SNY insider blames Yankees' medical screeners for Frankie Montas trade
It's Brian Cashman's job to know more than the general public. Therefore, when he and the Yankees shrugged off the shoulder concerns that surrounded Frankie Montas before the 2022 trade deadline, that served as a signal to the fan base that it was alright to celebrate and breathe a sigh of relief.
Once the team determined that the price to pay for Reds right-hander Luis Castillo was too aggressive, Montas was by far the top arm on the market, and the Yankees' rotation -- missing Luis Severino -- needed reinforcements, and was in a position to "go for it."
Sure, Montas came with a few non-shoulder warts; his PED suspension and road vs. home splits bred caution. But, as long as he was healthy, it was tough to do better -- and borderline impossible to predict that passing on Jose Quintana would turn out to be a mistake. That particular take is the Captain Hindsight-iest of all time.
He wasn't healthy.
Montas' cameo with the Yankees, after coming over from Oakland (with Lou Trivino) in exchange for Ken Waldichuk, JP Sears, Luis Medina and Cooper Bowman, featured eight games. The right-hander resembled the pitcher New York acquired in two of them, very clearly battling through the issue that plagued him in Oakland. Eventually, he succumbed, hitting the shelf after a Sept. 16 start in Milwaukee, returning only to struggle in relief in the ALCS, something it also seems he never should've been cleared to do.
After a few weeks off, Montas struggled to ramp up his offseason throwing program. After a few more weeks, he opted into a surgical scope that could have him back in September, or could take him out for the season and end his Yankees career. As SNY's Andy Martino laid out on Wednesday in the wake of the news, Cashman harbors no ill will towards Oakland's Billy Beane for facilitating the trade, but needs to look internally at whoever approved the medicals, which were supposed to represent the Yankees' knowledge gulf between the team and their captive audience.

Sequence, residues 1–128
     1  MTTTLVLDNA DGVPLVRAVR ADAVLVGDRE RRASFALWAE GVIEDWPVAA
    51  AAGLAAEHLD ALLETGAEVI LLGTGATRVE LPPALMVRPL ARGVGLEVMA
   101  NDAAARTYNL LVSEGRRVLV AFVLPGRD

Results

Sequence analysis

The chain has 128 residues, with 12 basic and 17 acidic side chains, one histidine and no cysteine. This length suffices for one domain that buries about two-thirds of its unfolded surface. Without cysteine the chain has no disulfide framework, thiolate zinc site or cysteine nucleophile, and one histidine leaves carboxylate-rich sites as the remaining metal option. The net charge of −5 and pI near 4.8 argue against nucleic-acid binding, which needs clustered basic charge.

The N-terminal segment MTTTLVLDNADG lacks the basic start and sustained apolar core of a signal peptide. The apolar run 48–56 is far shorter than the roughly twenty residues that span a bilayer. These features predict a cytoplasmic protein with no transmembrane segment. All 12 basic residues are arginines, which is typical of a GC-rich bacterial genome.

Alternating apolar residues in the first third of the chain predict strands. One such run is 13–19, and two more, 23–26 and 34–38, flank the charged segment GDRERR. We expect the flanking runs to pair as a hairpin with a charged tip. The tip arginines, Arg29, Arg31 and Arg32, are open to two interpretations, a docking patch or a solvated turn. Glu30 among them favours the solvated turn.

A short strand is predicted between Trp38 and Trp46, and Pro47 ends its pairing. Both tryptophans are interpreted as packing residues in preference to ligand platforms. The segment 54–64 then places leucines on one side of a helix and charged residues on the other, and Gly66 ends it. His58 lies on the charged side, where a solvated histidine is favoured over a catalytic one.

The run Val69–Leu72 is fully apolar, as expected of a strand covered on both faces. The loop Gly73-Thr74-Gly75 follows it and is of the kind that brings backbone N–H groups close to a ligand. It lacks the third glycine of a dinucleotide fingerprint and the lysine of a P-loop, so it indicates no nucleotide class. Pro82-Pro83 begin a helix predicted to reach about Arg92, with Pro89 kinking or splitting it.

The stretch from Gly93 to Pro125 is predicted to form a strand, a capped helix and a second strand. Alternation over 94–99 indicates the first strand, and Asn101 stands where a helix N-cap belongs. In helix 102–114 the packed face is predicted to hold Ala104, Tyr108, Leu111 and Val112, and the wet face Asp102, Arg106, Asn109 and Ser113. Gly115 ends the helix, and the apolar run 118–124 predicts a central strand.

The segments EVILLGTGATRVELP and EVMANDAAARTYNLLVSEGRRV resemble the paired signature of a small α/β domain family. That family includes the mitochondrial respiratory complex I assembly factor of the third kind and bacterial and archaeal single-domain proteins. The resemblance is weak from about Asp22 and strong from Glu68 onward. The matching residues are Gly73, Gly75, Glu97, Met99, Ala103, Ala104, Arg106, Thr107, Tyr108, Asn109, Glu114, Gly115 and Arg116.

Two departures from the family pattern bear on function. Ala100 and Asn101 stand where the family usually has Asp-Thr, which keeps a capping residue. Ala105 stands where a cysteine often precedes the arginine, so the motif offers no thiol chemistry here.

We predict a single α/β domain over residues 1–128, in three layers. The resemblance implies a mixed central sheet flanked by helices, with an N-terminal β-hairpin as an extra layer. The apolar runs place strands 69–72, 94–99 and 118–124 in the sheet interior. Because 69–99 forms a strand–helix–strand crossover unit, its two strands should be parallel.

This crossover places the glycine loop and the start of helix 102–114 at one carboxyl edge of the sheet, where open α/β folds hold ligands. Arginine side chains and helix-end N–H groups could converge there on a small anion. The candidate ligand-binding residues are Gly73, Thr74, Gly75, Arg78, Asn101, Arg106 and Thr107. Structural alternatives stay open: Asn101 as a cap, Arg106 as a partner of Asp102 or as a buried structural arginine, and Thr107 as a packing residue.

Yankees medical staff at fault for Frankie Montas situation?
We know nothing. We don't know who was responsible for what and what MRIs looked like in June, July or August. But the Yankees were certainly supposed to, and it appears whoever was paid to judge their integrity was unable to do so in a satisfactory manner.
Clearly, the shoulder got worse in the weeks and months after the deal. But the foundation was already there. The general public knew Montas had just missed a few starts with stiffness. As disappointed as that same general public would've been if Cashman had left the deadline without a frontline starter, they'd be equally satiated now, knowing that a massive mistake would've been avoided.
Waldichuk, in particular, would be nice to have. He'd be battling for a fifth starter role in the Bronx (though, let's be honest, the team would be undermining him at every turn). He'd be the type of depth that would allow Clarke Schmidt to slide back to the bullpen (or slide to St. Louis in a Brendan Donovan deal). He wouldn't be the centerpiece of a Bryan Reynolds trade, but he'd be a completely acceptable second banana to Jasson Dominguez/Oswald Peraza, something the Yankees don't currently have to offer.
He might also be injured or laid up soon. Injuries are unpredictable. That's what makes the Yankees' inability to predict one of the very rare predictable ones in Montas' shoulder so frustrating.